Rick Staton, a Mullens attorney representing the Eastern Wyoming County Public Service District in a lawsuit involving Bud Mountain land owners, says he wants to clarify inaccurate or misleading information about the case.
“This is not an eminent domain case in the context of the U.S. Supreme Court ruling this summer, nor the legislation the House of Delegates recently adopted,” Staton said. “Those issues involved taking private property for a private purpose.”
The water battle revolves around the PSD’s desire to construct a $14.7 million public water system in Mullens, Corinne, Bud, Black Eagle, Wyco and surrounding areas. Land owners that may lose property have accused the PSD of abusing eminent domain powers.
Jo Ann Lester, a family member of one land owner, also claims the PSD was not responding to Freedom of Information Act requests for information about surveys done on proposed sites.
The PSD had petitioned Wyoming County Circuit Court for right of entry to three parcels of land owned by Annie Hagy, Larry and Karen Pressley, and the heirs of Pink Byars. Lester said the land owners reached an agreement several months ago, giving engineers the right to survey proposed sites for the tank and tower.
“Taking someone’s land is taking someone’s land,” Lester said. “This is an eminent domain case in our opinion.”
Staton says the law allows for taking land for a public purpose.
“This matter involves acquiring property for a public purpose, which is providing water to an unserved area inhabited by dozens of families on Bud Mountain,” Staton said. “Many are currently trucking water into their homes. Ironically, many of the litigants in this case do not live on Bud Mountain and do not have to truck their water. The tank is necessary to providing water to these families. Blocking construction of the tank blocks these families’ access to potable water. The acquisition of a part of any property for a water tank has to be proved to the court to be necessary and for a public purpose.”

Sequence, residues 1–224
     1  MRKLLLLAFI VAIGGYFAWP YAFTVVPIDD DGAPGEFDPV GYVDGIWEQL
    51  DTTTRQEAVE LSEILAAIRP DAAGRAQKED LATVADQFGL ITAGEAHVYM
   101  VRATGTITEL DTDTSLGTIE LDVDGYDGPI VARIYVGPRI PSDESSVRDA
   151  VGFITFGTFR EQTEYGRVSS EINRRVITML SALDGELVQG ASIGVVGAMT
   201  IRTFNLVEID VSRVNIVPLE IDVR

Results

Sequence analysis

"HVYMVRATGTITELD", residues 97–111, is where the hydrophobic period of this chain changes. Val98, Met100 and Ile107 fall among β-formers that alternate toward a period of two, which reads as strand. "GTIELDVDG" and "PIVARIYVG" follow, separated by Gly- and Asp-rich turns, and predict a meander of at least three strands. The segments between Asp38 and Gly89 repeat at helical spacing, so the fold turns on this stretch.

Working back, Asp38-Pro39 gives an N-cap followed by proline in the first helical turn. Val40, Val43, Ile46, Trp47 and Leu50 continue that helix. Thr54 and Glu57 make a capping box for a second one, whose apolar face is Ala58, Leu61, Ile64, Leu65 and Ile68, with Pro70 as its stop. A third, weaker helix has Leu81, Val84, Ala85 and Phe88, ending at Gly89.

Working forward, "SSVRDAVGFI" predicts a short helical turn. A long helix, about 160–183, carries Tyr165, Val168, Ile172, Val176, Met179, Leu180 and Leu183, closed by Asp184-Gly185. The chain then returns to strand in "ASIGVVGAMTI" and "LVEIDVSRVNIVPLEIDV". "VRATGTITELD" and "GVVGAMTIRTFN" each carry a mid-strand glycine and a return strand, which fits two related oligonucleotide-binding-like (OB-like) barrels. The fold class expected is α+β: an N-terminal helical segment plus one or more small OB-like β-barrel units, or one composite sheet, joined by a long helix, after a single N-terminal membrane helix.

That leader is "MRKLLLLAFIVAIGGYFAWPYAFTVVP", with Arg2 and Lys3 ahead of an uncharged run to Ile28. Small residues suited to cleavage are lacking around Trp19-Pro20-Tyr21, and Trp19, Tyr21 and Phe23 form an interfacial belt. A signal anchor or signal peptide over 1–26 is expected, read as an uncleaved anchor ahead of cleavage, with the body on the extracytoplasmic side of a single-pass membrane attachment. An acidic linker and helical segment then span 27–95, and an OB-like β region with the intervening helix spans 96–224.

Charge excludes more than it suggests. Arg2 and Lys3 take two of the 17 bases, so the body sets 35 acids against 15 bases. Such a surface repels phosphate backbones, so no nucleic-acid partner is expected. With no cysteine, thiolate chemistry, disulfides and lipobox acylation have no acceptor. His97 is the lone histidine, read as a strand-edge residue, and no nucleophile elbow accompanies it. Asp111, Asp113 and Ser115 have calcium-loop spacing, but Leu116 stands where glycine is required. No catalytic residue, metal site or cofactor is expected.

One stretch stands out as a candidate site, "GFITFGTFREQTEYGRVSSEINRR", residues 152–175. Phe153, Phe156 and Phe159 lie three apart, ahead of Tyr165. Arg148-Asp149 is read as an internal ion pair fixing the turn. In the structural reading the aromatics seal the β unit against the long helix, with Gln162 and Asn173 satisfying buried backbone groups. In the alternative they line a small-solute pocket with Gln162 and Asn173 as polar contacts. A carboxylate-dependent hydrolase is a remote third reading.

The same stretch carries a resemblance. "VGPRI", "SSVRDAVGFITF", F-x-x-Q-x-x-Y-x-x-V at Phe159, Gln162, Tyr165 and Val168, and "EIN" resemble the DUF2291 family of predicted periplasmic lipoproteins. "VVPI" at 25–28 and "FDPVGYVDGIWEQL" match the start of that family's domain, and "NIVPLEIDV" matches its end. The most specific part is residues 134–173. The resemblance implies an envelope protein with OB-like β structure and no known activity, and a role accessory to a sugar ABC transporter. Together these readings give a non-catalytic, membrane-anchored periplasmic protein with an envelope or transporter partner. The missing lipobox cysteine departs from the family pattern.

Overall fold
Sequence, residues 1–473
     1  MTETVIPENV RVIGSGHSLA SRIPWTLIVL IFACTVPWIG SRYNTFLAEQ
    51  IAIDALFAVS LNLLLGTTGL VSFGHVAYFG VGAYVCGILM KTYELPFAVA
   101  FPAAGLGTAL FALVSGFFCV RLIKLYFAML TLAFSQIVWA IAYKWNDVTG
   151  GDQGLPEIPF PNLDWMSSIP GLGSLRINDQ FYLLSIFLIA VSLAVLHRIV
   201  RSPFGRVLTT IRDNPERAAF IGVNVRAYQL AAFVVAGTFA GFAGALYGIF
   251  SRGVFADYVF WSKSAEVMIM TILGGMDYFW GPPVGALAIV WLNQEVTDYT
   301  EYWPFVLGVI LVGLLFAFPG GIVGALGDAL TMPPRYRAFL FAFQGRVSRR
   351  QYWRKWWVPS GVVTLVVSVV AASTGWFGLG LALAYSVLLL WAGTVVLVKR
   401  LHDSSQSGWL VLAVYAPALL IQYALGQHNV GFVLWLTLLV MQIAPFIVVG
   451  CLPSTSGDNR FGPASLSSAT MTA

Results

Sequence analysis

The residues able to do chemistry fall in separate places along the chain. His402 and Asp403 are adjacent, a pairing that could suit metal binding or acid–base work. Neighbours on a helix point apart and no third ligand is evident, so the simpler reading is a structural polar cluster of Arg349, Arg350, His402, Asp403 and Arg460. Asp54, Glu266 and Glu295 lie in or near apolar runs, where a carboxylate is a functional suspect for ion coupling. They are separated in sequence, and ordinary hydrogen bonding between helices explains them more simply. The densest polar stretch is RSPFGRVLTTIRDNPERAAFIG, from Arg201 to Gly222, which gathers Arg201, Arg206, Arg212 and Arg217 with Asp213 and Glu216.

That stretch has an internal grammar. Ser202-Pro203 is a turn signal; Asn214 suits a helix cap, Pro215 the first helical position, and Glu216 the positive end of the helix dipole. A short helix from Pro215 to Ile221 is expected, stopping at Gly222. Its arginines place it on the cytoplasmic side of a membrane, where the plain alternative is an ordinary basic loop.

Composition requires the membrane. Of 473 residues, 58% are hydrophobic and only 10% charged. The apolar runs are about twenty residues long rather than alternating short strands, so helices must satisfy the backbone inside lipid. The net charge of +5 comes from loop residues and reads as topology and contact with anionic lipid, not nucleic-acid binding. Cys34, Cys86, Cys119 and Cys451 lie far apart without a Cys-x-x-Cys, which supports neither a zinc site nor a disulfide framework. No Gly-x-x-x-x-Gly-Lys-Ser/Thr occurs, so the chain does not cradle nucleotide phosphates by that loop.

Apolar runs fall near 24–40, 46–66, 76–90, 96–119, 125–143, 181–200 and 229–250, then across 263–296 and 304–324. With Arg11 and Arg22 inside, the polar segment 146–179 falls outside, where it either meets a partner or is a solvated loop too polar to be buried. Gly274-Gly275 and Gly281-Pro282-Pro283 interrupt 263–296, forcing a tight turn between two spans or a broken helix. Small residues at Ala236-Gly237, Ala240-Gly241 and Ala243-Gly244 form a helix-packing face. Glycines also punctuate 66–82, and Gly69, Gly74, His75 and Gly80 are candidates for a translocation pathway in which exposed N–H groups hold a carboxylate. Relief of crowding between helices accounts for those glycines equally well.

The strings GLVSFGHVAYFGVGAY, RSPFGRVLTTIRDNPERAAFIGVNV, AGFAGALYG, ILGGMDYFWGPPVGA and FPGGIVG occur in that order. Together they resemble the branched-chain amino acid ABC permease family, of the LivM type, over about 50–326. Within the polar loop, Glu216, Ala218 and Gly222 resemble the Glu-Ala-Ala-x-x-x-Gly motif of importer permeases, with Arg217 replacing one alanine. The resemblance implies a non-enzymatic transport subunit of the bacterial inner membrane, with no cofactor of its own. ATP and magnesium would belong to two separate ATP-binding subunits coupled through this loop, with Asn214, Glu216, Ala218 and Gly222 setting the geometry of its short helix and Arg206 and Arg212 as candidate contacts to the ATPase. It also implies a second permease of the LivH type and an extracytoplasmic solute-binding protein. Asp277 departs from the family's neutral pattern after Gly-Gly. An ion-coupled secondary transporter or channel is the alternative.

Staton said Lester’s claim that the PSD is not answering FOIA requests is incorrect.
“The PSD is not hiding the survey results,” Staton said. “In fact, a previous order entered last year which compromised the right of entry on the property specifically authorizes the PSD to share the results with the other parties. They have already been given much information. Further, court rules governing lawsuits would already require that. I know it’s sexier to report that people are withholding information, but that’s not the case. The parties who spoke to you know that they are getting the survey results, and in fact have already received some engineering data.”
Staton said a recent FOIA request was for information that belongs to the engineers, not to the PSD.
“It is not information the PSD has, nor has a reason to have,” he said.
Staton said the sole purpose of the motion last week was to clarify the PSD’s obligations to respond to FOIA requests vs. its responsibilities to provide information to and through attorneys in a pending litigation.
“While FOIA allows information to be requested and exchanged between parties and if applicable their attorneys, rules of the court regarding pending litigation require the information to be exchanged only in the context of that litigation,” Staton explained. “Further, court rules prohibit parties or their attorneys from contacting either side except through the litigation process. In fact, it is technically an ethical violation for me to respond to the FOIA requests on behalf of the PSD while the litigation is pending, unless I do so directly to their attorney. These requests are being made by the litigants, not their attorney, and many times without even their own attorney’s knowledge.”
Staton added it is already public information that most of the “22 alternative sites” land owners claimed were better for the new water tank and tower have already been determined by engineers to not be suitable sites for the project.
“They have provided no engineering reports to the contrary,” he said. “It is wrong for anyone to portray that the PSD is looking at only two of more than over two dozen potential sites for the tank. In fact, the PSD would be abrogating its responsibility by choosing a site that is not good and which requires costly litigation to get the tank placed there. Does anyone reasonably expect that the PSD sat down in some dark room and said, ‘We have better places for the tank we can get more cheaply and faster, but let’s go after these two?’”
Staton says the current litigation was to request access to the property solely to determine whether a portion of either of the properties is suitable for location of the tank.